>the difference between imagining the existence of negative numbers and imagining the existence of extra dimensions of space is one of degree, not of kind

    Care to explain or support this notion somehow?

  9. Arun says:

    I thought negative numbers were first used to denote debts.

  10. Sean says:

    Moby, nothing profound: just that the concept of an n-dimensional manifold is an abstract notion, exactly as is the concept of a negative number. Neither is something you can simply point to out there in the world.

  11. David says:

    But there are perfectly concrete ways to represent negative numbers. Instead of thinking about piles of cabbages, think about two piles of cabbages with the condition that two piles with i and j cabbages are considered the same as two piles with i+n and j+n cabbages for any number of cabbages n. Add two sets of cabbages by combining the first piles and then the second piles.

    What you would normally call n cabbages, call n and 0 cabbages and then negative n cabbages just becomes 0 and n cabbages. No pesky minus signs to remember, just order your cabbages piles! That’s how I still think about it – helps with K-theory.

  12. Doug says:

    A great passage to quote! It ought to be included in every textbook for elementary math teachers. I had a similar experience when I was introduced to imaginary numbers by an inept teacher who couldn’t, or didn’t bother, to adequately explain the idea behind the “number” ‘i’. What I have learned since is that, just because we can grasp an idea abstractly by divorcing it from physical concepts, it doesn’t necessarily mean that we understand the meaning underlying the concept, only that we can understand how to use it as a method.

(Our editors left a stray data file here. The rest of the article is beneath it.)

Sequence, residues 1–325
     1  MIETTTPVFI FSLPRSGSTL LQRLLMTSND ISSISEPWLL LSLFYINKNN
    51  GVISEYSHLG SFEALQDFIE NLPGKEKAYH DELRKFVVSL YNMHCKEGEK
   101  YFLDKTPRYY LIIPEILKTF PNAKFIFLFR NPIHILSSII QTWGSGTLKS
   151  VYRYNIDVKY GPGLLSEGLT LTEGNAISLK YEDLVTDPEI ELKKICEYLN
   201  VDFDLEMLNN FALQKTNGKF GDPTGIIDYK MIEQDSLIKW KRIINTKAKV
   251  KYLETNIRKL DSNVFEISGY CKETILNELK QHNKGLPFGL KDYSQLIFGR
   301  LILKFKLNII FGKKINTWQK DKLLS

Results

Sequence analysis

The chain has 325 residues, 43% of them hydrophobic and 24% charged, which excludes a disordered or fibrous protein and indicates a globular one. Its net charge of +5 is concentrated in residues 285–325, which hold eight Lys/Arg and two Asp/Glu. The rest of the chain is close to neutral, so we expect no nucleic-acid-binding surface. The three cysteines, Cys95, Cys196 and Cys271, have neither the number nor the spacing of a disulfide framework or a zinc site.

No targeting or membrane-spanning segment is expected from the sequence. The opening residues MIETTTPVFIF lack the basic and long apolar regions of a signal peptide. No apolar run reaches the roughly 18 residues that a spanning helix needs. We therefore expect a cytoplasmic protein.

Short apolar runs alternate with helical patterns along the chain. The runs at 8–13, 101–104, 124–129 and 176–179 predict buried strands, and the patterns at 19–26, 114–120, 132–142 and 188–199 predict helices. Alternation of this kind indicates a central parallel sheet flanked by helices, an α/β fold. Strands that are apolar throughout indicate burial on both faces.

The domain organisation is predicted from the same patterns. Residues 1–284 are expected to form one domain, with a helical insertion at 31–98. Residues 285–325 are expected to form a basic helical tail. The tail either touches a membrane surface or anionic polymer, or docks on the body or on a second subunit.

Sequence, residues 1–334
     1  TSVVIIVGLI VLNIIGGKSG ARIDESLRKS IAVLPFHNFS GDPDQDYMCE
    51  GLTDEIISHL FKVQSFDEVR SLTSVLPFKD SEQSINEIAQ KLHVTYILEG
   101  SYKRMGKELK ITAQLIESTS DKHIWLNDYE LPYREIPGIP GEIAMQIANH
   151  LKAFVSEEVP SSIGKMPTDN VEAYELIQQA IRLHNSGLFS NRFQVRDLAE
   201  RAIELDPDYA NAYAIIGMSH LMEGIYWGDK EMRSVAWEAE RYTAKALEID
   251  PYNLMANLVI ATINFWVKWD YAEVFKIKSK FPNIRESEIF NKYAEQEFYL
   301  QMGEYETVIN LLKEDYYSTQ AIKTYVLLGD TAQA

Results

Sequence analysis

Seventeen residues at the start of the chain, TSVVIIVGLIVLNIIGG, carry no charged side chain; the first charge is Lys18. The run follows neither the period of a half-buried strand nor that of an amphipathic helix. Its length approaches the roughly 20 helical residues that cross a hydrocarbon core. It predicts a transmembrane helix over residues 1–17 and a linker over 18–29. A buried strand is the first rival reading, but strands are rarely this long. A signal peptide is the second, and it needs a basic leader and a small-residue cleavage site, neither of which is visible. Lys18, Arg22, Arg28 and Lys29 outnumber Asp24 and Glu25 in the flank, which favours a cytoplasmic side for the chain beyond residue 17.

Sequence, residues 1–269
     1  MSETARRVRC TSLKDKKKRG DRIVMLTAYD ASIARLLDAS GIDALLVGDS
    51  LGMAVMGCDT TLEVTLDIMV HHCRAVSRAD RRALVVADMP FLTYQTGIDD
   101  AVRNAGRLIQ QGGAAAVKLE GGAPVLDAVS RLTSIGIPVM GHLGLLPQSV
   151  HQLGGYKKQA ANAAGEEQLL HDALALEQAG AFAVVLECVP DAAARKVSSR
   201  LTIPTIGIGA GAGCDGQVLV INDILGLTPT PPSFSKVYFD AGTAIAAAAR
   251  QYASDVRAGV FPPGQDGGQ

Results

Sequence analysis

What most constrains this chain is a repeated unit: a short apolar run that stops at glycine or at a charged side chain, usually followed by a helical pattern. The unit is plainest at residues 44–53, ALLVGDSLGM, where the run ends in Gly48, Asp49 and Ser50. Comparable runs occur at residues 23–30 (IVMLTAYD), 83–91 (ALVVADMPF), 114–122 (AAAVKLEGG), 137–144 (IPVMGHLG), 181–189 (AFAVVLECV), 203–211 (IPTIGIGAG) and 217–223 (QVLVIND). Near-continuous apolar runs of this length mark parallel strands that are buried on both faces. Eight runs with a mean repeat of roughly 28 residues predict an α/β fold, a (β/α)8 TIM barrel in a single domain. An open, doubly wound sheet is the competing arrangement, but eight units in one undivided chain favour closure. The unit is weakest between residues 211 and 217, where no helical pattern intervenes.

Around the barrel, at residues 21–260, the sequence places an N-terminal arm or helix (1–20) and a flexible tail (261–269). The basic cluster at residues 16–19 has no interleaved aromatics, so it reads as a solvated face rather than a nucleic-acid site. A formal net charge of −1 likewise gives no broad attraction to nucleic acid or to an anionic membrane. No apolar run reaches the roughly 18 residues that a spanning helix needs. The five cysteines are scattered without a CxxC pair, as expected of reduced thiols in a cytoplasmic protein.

For instance, the idea of negative space is absurd, but, nevertheless, we can use it to great advantage. So what does this mean, that we are divine creatures? It took mankind centuries to take this giant leap for the first time, and it was not done without a lot of hand wringing and pain. Yet, we expect children to grasp it as a matter of course in between watching American Idol and playing Mortal Kombat.

    Fortunately, I’ve finally found that we can understand the meaning of the idea as well as how to use it abstractly, but only if we are willing to ferret it out by thinking on our own, definitely not by reading textbooks. The key is to understand that space doesn’t exist as stuff that has properties, like cabbages, or fabric, and that the early Greeks were wise in keeping the ideas of magnitude and numbers separate.

    It turns out that, if we introduced to children the difference in the ideas of operationally defined magnitudes as opposed to quantitatively defined magnitudes, and the proper use of real numbers in these respective definitions, then we could avoid a lot of grief, not only for naïve children, trying to learn mathematics, but also for the sophisticated adults they later turn into, who then try to formulate physical theories.

  13. D Fitch says:

    On the subject of pop psychology about abstract mathematical reasoning somehow being related to the development of grammar and symbolic thought, you may be interested in the works of Keith Devlin (The Math Gene.)

  14. JMC says:

    Post 12 was very well put. I must ponder for a while and also check out the book mentioned in post 13. It’s stuff like this that makes mathematics so worth the excruciating efforts to understand both its functionality and meaning!